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Lochinvar parts conundrum

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beezer
beezer Member Posts: 21
edited August 2022 in THE MAIN WALL
WBN 080 --- There is a rubber grommet that fits between the exhaust pipe and the burner can/heat exchanger that I can't identify by part number. there is a picture of the part in the exploded view, but no number. I called the factory and the guy I talked to said if it doesn't have a number, it's probably part of another assembly. At first I thought it was maybe part of the bolt on stack fitting, but now I'm thinking its part of the heat exchanger??? page 2 of the parts book is attached below. part in question is the little circle right below the last "E" in the word exchanger.

heres a couple pictures of the offending member:





I doubt that this was glued or bonded to the exchanger by the look of it. it appears to be a simple slip on.

Comments

  • Jamie Hall
    Jamie Hall Member Posts: 23,554
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    Parts diagrams can drive one nuts. However... I notice, looking at that one, that the widget associated your little seal also has another seal associated with it -- and that neither seal, not the widget, has a part number.

    Which, if this were a tractor or something like that, would lead me to assume that there was another parts diagram somewhere which had the widget and its gaskets on it -- or that they were called out in the associated parts list, without a number.
    Br. Jamie, osb
    Building superintendent/caretaker, 7200 sq. ft. historic house museum with dependencies in New England
    GGross
  • 109A_5
    109A_5 Member Posts: 1,388
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    As @Jamie Hall, suggested, look at this file. It is a like system and has more info. Can't say if the part numbers would be relevant to your unit.

    13 MSC3007 FLUE TRANSITION ALL
    30 PVC2047 FLUE CONNECTION 2” WB50-105

    If all else fails may be a high temperature "O" ring or two could be fitted there. Looks like a leak there could be a CO hazard.
    National - U.S. Gas Boiler 45+ Years Old
    Steam 300 SQ. FT. - EDR 347
    One Pipe System
  • pedmec
    pedmec Member Posts: 994
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    looks like its part of the flue transition as noted part #msc3007
  • hot_rod
    hot_rod Member Posts: 22,382
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    Is it damaged, over heated and brittle? If so it could tie in with the fan issue you had earlier, or burner not adjusted properly

    Is that the exhaust side pipe? Is it discoloring, turning beige? That too indicates over fired or excessive flue gas temperature, perhaps
    Bob "hot rod" Rohr
    trainer for Caleffi NA
    Living the hydronic dream
  • beezer
    beezer Member Posts: 21
    edited August 2022
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    "neither seal, not the widget, has a part number.".... true. we can see the picture but no part numbers

    MSC3007 ---- YES--- that shows the part I need. BIG question... does it have it's own part number or can you only get it by buying the whole wad?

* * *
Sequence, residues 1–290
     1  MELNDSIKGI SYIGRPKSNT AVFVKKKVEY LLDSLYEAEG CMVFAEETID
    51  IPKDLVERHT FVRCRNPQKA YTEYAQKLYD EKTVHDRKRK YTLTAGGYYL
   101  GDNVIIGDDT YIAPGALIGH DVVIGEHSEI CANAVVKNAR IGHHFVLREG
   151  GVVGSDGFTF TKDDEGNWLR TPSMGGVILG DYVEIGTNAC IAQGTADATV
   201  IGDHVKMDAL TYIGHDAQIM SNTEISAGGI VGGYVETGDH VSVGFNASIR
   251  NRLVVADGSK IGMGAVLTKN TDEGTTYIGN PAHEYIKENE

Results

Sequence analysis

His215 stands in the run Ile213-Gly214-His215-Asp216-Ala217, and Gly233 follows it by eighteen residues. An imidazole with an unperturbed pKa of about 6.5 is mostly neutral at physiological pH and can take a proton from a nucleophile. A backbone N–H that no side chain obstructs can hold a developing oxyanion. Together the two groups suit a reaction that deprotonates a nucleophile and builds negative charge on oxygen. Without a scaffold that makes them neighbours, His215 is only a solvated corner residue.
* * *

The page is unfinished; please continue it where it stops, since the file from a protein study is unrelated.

yes... that seal keeps combustion gas out of the house, including monoxide. and yes... it is totally hosed

    and yes, I read the flue gas numbers and they are right on the money.... but the propeller noise continues (sometimes)

    right now, I have 2 wraps of foil tape over the connection. that may be the final solution.

    the pipe glue was orange. the color change on the PVC looks like no problem to me. I could be wrong, but it hasn't changed in 16-17(?) years. have to look but its been a long time since I did it (dang, time flies... what a good little boiler)


  • 109A_5
    109A_5 Member Posts: 1,388
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    beezer said:

    I called the factory and the guy I talked to said if it doesn't have a number, it's probably part of another assembly. At first I thought it was maybe part of the bolt on stack fitting, but now I'm thinking its part of the heat exchanger???

    https://www.parts4heating.com/Lochinvar-MSC3007-FLUE-TRANSITION-ALL-p/msc3007.htm
    beezer said:

    right now, I have 2 wraps of foil tape over the connection. that may be the final solution.

    Might be my final solution too. However, what shape is the other gasket in ?

    National - U.S. Gas Boiler 45+ Years Old
    Steam 300 SQ. FT. - EDR 347
    One Pipe System
    beezer
  • beezer
    beezer Member Posts: 21
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    the old gasket is hosed. it was definitely leaking. that is the part, thanks.
  • 109A_5
    109A_5 Member Posts: 1,388
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    beezer said:

    the old gasket is hosed. it was definitely leaking.

    109A_5 said:

    However, what shape is the other gasket in ?

    The the gasket or seal between the Flue Transition and the Flue Connection that you pictured is bad. What I was getting at here is, what condition is the gasket or seal between the Heat Exchanger and the Flue Transition in (the bigger diameter gasket or seal) ?

    There may be a reason they sell the three pieces as a set. If the gasket(s) or seal(s) are made of a similar material they may dilapidate at a similar rate. Not sure why you would need a new Flue Transition piece. Maybe they warp or crack or some other dilapidation occurs with time, and it is just good practice to replace it all as a set.

    National - U.S. Gas Boiler 45+ Years Old
    Steam 300 SQ. FT. - EDR 347
    One Pipe System
    beezer
  • HomerJSmith
    HomerJSmith Member Posts: 2,479
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    Maybe it's time for Hi-temp silicone?
    beezer